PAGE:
MEDIA

Washington Post Reporter Jason Rezaian Goes On Trial Behind Closed Doors In Tehran

05/26/2015 03:34 am ET | Updated May 25, 2016

* Session adjourned after over two hours - IRNA

* Wife and a photojournalist on trial alongside Rezaian

* Lawyer says Rezaian charged with espionage

* U.S. says closed trial a concern, calls for release (Adds State Department comment)

DUBAI, May 26 (Reuters) - Washington Post reporter Jason Rezaian went on trial on espionage charges behind closed doors in Tehran on Tuesday, 10 months after he was arrested at his home and imprisoned, Iran's semi-official Tasnim news agency reported.

His wife, Yeganeh Salehi, and a woman described as a photojournalist also went on trial, the official IRNA news agency said. Both women were detained with him in July but later released.

The three, all American-Iranian, were in court for around two hours before the session was adjourned, IRNA added.

Iranian authorities have not released details of any charges and pressed on with the case despite calls from U.S. President Barack Obama, family members and rights groups for Rezaian's release and more information on the charges.

The case has put pressure on U.S.-Iranian relations, while Tehran, Washington and five other world powers have been trying to hammer out a deal to end a decade-old standoff over Iran's nuclear program.

The closed trial "adds to our concerns and fits, unfortunately, into a pattern of a complete lack of transparency and lack of due process that we've seen" since Rezaian's detention, State Department Jeff Rathke told reporters at a daily briefing in Washington.

The United States again called for dismissal of the "absurd" espionage charges against Rezaian, Rathke said.

Rezaian's lawyer Leila Ahsan told Tasnim that "he has been charged with espionage for collecting confidential information ... and handing it to hostile governments, writing a letter to Obama and acting against national security."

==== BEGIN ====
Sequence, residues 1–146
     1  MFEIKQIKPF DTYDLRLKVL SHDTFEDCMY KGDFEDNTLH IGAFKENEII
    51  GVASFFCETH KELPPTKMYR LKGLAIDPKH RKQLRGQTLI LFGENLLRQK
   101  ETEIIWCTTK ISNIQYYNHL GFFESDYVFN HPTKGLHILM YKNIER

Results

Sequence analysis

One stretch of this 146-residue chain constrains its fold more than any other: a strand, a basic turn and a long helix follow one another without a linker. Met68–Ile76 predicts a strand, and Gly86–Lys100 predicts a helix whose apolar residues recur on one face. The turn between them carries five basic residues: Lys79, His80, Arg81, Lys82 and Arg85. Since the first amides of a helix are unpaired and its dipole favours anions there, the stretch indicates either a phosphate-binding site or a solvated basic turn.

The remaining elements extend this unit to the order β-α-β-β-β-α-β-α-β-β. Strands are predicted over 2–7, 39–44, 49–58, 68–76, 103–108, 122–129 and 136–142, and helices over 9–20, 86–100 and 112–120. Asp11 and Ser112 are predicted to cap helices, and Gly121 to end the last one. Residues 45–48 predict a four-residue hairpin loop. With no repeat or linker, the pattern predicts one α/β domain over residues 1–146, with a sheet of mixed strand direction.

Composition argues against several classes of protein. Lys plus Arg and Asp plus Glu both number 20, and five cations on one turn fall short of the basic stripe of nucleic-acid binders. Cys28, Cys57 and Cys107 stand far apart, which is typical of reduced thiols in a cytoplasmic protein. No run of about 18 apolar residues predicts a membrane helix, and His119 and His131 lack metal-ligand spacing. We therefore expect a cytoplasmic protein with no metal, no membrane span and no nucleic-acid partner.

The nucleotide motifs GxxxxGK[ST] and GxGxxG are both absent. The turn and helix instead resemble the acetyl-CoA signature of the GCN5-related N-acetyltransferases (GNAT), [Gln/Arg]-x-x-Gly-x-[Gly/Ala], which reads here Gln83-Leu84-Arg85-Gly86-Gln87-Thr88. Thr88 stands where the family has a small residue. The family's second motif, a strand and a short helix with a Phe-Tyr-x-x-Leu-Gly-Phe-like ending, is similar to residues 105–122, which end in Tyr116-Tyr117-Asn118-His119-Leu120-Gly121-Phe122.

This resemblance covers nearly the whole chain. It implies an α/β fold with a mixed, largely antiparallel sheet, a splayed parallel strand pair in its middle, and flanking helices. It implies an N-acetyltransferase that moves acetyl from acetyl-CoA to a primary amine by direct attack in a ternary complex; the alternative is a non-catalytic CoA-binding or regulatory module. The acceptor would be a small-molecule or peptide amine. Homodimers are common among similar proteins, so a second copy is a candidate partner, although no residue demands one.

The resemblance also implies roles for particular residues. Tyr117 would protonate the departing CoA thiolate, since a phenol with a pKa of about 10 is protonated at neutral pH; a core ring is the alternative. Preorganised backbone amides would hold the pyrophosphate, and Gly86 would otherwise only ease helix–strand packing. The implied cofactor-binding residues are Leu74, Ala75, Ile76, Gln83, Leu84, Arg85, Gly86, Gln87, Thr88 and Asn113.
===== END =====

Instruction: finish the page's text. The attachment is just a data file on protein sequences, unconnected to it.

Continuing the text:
Rezaian's brother Ali, in an interview with MSNBC, said the family learned the court adjourned but little else.

"We know that he was planning to go in and put on a strong defense, let everybody know that he's not guilty, that he's innocent of all these charges," he told the U.S. television network, speaking from the Washington-based National Press Club, which along with other journalism groups is supporting Rezaian and is backing a petition demanding his release.

Ali earlier told Reuters Television that his brother, the Post's Tehran bureau chief, had lost 40 pounds (18 kg) in prison.

Rezaian was arrested with his wife and two other Iranian-American friends, the female journalist and a man. Salehi was freed on bail while the couple were released and none of them have been publicly charged. There was no information on the man in Tuesday's reports.

Douglas Jehl, the Post's foreign editor, called the charges baseless. "What Jason did was act as a journalist, which involves gathering information, verifying information, and ultimately publishing it," he told Reuters Television.

Obama has called the charges against Rezaian "vague" and pressed Iran to release all American detainees.

Iranian Foreign Minister Mohammad Javad Zarif said in April that an intelligence operative, possibly linked to the U.S. government, may have "taken advantage" of Rezaian. (Additional reporting by Susan Heavey, Bill Trott and Nadine Alfa in Washington; Editing by Andrew Heavens and Jonathan Oatis)

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